In the sixteenth century the Society had maintained a free school for mariners’ children under the Merchants’ Hall in King Street. A century later sailors were being instructed in the ‘Arte of Navigacion’.[4] This was to evolve into the Merchant Venturers’ Technical College in Unity Street towards the end of the nineteenth century when over 2500 students were enrolled. When Bristol's University College finally achieved its charter as the University of Bristol in 1909, the Merchant Venturers’ Technical College provided the faculty of engineering, whilst the remaining departments of the college eventually became the University of the West of England. At the beginning of the eighteenth century the Society took on Edward Colston's 'Colston's Hospital', a school for 100 boys. This was to move to Stapleton in 1861, becoming co-educational in 1991. In 1891 Colston's Girls' School was opened on Cheltenham Road using funds from Edward Colston's endowment. It became an academy in 2008, when Withywood School reopened as Merchants' Academy. In 2016 the Bristol Autism Free School, now called Venturers’ Academy, opened nearby. Since 2017 the Society and the University of Bristol have jointly sponsored five primary schools, a secondary school, an all-through school and a special school in Bristol. The overarching Venturers’ Trust now oversees the education of more than 3,200 students.[11]

The Merchant Venturers cared for twelve poor mariners in the sixteenth century and the Society continues to be involved with the care of the elderly. The Society has managed Colston's Almshouse on St Michael's Hill since its foundation by Edward Colston in 1696. Since 1922 the Society has been the endowment trustee for the independent charity, the St Monica Trust, enabling very substantial developments in recent years. The Society has also been sole trustee of the Cote Charity, set up in 1968, which in 2009 opened Katherine House, a residential care home and in 2016, Griffiths House for those living with dementia.


Records of the Society of Merchant Venturers including foundation and membership, administrative, financial, charities, education, estates management, trade, associated clubs and societies, the Seamen's Hospital Fund, and various name indexes are held at Bristol Archives (Ref. SMV) (online catalogue) as well as further papers and correspondence related to the Society of Merchant Venturers' interests (Ref. 12152) (online catalogue). Other deeds and estate papers related to the Society's interests in Somerset and Dorset are available at Somerset Heritage Centre.[12] link to catalog record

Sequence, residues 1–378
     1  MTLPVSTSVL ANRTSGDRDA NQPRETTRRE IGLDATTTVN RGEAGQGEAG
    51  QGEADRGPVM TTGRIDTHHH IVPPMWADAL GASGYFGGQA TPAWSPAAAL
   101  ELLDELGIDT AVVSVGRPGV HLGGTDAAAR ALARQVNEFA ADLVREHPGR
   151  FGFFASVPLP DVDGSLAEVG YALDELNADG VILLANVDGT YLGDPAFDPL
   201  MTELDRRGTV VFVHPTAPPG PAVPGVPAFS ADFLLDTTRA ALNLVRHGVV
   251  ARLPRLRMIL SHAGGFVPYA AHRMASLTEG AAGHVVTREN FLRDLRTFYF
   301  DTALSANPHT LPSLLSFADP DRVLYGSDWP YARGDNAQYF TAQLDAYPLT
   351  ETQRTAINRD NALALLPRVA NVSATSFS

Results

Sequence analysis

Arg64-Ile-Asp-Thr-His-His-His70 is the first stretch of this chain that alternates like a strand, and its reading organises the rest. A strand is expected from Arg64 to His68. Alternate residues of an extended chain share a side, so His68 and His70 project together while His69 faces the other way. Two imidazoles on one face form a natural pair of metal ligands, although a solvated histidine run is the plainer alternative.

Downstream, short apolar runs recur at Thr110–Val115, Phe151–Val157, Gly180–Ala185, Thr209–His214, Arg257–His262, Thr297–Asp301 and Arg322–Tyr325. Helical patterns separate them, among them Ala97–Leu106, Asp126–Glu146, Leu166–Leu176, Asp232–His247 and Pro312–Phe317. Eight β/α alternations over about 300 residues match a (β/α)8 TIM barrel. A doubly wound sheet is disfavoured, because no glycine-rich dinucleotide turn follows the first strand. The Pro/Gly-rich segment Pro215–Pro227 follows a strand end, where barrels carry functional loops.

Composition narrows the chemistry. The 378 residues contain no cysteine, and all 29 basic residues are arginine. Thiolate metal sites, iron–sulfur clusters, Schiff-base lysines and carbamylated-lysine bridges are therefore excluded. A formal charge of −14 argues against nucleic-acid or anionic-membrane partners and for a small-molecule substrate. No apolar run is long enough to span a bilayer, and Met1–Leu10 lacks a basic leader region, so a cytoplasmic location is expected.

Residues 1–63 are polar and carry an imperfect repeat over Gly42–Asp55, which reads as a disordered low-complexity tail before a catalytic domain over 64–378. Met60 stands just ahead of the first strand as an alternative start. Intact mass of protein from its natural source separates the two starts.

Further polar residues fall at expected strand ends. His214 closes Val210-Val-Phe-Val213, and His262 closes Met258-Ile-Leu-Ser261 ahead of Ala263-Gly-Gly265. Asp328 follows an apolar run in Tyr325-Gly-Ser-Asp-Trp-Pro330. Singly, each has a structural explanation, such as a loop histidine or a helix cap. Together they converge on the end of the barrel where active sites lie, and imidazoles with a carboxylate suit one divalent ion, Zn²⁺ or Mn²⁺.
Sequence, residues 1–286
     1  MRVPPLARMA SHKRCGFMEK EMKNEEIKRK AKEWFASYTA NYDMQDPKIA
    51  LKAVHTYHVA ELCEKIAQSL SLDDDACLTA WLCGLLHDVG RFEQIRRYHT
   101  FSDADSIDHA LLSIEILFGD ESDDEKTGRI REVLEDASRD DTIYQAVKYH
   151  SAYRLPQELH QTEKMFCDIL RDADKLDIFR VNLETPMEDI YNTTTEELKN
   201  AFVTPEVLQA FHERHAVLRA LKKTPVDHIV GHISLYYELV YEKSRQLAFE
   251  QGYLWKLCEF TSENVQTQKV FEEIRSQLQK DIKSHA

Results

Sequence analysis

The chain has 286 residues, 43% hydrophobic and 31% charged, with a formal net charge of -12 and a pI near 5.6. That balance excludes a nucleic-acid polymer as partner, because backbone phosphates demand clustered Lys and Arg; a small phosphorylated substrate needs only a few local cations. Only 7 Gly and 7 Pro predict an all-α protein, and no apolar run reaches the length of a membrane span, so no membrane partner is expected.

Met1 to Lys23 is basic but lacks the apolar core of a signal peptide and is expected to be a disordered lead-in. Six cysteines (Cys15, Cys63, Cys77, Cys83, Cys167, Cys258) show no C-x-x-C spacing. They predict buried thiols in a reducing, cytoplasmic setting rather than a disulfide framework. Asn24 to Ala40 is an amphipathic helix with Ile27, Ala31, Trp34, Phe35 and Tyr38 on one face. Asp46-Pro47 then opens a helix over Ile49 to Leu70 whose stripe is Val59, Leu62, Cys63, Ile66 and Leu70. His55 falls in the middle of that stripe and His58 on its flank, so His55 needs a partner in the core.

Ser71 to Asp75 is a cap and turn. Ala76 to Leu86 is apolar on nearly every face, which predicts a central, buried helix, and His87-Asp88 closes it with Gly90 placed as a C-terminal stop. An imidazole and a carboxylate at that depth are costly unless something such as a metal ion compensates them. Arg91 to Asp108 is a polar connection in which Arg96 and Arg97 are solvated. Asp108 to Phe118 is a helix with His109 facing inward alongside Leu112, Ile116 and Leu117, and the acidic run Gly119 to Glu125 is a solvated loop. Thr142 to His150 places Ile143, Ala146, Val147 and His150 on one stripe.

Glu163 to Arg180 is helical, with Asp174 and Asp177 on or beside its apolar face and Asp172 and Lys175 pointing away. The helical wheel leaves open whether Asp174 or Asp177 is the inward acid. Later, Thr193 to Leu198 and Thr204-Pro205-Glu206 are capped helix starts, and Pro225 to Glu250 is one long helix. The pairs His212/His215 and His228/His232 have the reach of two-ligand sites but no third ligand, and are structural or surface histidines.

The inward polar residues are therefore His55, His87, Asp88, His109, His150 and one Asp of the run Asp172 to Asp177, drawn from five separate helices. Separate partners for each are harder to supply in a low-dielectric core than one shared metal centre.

Current status

Merchants' Hall on Clifton Down. The Society of Merchant Venturers comprises men and women, prepared to give their time and skills to support the organisation's objectives.

The Merchant Venturers work closely with the wider community and many of its members play a role in Bristol's commercial life and the institutions within the city. Its objectives are to:

Contribute to the prosperity and well being of the greater Bristol area through active support of enterprise and commercial and community activity; Enhance the quality of life for all, particularly for the young, aged and disadvantaged; Promote learning and the acquisition of skills by supporting education; Act as effective stewards of the charitable trusts, heritage, ancient buildings and open spaces for which the society is responsible. Company of Merchant Adventurers of London

From Wikipedia, the free encyclopedia

Arms of the Merchant Adventurers The Company of Merchant Adventurers of London was a trading company founded in the City of London in the early 15th century. It brought together leading merchants in a regulated company in the nature of a guild. Its members' main business was exporting cloth, especially white (undyed) broadcloth, in return for a large range of foreign goods.

In the early seventeenth century, similar groups of investors were formed to develop overseas trade and colonies in the New World: the Virginia Company (which later split into the London Company settling Jamestown and the Chesapeake Bay area, and the Plymouth Company, which settled New England). The Company of Adventurers in Canada sent forces during the Thirty Years War that achieved the surrender of Quebec in 1629...